UNCG Dept of Media Studies News

The University of North Carolina at Greensboro

Dr. Podlas featured in Wake symposium

http://law.wfu.edu/news/release/2010.01.19.1.php

Faculty member, Dr. Kimberlianna Podlas will participate in this year’s Wake Forest School of Law Intellectual Property Law Journal symposium, “Copyleft vs. Copyright: Artist and Author Rights in Tomorrow’s Digital Age,” which will focus on how current copyright laws are applied to tomorrow’s technologies.

The symposium will be held from 8 a.m. to 3 p.m. Friday, March 5, in Room 1312 of the Worrell Professional Center. It is free and open to the public.

“Empirical research from social science, including law, has shown that the framing of an issue and the narrative constructed about it can impact both the way that people think through that issue and the conclusions that they draw.

“A similar concept is reflected in the law and litigation: ‘The best story wins.’  Indeed, stories impact legal decision-making, whether those decisions are in the form of trial verdicts or in legislation.  With regard to the former, stories helps juries make sense of the evidence, adopt some notions over others, and assign blame. With regard to the latter, stories alert the public and legislators to which situations are need of reform, who needs protecting, and who should be punished.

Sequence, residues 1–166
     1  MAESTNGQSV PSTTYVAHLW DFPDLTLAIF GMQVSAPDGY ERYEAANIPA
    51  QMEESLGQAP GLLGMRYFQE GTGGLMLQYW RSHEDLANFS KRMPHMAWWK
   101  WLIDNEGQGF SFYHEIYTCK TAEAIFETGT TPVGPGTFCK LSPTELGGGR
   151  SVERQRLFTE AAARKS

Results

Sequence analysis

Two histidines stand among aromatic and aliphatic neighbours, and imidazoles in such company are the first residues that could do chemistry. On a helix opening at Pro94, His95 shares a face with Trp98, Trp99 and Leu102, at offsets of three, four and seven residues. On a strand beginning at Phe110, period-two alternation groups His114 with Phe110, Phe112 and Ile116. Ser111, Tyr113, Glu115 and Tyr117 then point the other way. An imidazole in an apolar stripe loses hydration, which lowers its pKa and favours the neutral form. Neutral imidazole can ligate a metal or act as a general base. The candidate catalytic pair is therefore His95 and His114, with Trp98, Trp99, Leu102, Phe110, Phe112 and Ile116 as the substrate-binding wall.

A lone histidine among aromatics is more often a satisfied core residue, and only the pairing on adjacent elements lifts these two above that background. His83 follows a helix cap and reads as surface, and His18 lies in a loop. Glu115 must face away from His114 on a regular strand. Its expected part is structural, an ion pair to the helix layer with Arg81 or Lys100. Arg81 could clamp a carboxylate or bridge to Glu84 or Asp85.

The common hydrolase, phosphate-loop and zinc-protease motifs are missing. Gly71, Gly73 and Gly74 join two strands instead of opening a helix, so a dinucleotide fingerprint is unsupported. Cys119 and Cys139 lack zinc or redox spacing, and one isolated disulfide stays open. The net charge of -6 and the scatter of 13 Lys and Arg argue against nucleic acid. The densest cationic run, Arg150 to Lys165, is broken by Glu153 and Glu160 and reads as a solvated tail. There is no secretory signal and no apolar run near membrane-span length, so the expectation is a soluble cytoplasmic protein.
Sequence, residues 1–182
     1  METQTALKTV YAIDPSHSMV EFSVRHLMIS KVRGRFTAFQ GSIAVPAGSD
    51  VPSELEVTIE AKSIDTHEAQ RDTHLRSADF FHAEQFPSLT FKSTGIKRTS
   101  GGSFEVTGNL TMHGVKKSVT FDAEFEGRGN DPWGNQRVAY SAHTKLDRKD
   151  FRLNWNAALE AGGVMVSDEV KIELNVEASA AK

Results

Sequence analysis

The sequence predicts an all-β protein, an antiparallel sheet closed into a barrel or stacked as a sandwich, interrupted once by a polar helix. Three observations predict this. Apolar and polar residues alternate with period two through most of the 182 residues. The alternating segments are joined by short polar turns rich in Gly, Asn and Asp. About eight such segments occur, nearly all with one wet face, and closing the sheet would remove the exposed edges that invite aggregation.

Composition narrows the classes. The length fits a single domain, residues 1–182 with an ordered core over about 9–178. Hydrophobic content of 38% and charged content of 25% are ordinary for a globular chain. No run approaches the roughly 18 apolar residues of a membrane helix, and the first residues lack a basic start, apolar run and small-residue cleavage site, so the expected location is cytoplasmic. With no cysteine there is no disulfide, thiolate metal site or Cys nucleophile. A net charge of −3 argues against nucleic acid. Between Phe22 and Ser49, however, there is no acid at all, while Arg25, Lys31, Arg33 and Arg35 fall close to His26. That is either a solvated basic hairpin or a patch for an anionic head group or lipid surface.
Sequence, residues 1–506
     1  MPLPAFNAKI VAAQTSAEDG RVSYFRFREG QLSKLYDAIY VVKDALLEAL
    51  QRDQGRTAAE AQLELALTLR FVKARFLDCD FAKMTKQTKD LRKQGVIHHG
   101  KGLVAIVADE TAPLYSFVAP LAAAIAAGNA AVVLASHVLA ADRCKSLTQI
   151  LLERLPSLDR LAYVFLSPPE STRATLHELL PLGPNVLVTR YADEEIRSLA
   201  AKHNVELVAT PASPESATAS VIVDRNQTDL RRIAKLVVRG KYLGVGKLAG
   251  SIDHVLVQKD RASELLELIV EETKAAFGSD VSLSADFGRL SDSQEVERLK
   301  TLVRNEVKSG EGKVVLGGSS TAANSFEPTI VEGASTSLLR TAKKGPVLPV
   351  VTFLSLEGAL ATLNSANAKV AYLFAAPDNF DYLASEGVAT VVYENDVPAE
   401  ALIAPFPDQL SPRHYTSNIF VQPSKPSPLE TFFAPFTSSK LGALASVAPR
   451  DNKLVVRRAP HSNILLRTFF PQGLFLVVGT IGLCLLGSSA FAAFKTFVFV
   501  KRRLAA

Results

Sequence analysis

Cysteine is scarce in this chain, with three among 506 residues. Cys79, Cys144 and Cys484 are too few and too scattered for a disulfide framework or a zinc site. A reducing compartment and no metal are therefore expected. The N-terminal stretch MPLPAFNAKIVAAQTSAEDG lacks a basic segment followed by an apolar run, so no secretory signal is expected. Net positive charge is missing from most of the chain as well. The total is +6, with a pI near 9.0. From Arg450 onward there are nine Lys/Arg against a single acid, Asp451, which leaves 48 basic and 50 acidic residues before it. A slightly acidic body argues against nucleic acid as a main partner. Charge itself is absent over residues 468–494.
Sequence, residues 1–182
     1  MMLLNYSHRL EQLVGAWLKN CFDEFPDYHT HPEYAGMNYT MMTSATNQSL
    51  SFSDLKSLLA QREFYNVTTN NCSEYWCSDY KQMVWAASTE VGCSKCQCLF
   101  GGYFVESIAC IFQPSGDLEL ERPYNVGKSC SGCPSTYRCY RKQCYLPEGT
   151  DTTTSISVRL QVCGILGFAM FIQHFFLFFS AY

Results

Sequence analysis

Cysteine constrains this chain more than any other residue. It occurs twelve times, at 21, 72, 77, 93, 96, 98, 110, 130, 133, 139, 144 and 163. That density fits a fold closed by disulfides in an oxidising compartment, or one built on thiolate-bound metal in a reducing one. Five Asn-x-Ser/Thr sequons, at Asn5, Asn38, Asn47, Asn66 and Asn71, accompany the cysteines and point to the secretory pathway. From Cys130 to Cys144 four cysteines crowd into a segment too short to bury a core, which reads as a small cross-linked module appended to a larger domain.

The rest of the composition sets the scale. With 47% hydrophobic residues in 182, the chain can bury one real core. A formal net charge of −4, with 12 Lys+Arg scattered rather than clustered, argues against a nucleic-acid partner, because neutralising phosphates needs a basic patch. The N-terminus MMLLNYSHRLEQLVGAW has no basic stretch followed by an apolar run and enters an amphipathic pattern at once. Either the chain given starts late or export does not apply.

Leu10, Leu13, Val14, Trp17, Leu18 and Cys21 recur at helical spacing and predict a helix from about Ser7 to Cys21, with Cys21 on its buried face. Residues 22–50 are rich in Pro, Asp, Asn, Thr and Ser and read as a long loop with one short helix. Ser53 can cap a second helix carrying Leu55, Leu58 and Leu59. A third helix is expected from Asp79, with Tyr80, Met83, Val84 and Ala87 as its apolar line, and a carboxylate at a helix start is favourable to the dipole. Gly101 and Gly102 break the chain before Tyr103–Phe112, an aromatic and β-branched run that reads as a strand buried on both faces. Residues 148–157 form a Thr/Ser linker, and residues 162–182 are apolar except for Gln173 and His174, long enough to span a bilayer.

“The impact of framing and narrative are also apparent in contemporary discussions about digital music and the rights (or wrongs) of musical artists, ‘the business,’ and consumer-pirates.  For the most part, the music business has framed the issue as ‘piracy,’ and told a story about how it has caused music sales to plummet and threatened the continued existence of the music industry.

“This story – as well as the legal and contractual frameworks supporting it – cultivates certain understandings and presumptions about the threat to musical artists and how they can best be protected.  Unfortunately, these presumptions marginalize the interests of musical artists, neglect important facts that obscure business’s contribution to the exploitation of the artist, and, thereby, impede the search for equitable solutions.  Musical artists are beginning to realize this, and have begun to redefine the issues – and tell an alternative story – that reflects and protects their unique interests.

-Dr. Kimberlianne Podlas

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Written by uncgmst

February 26, 2010 at 9:55 pm

Posted in News & Events

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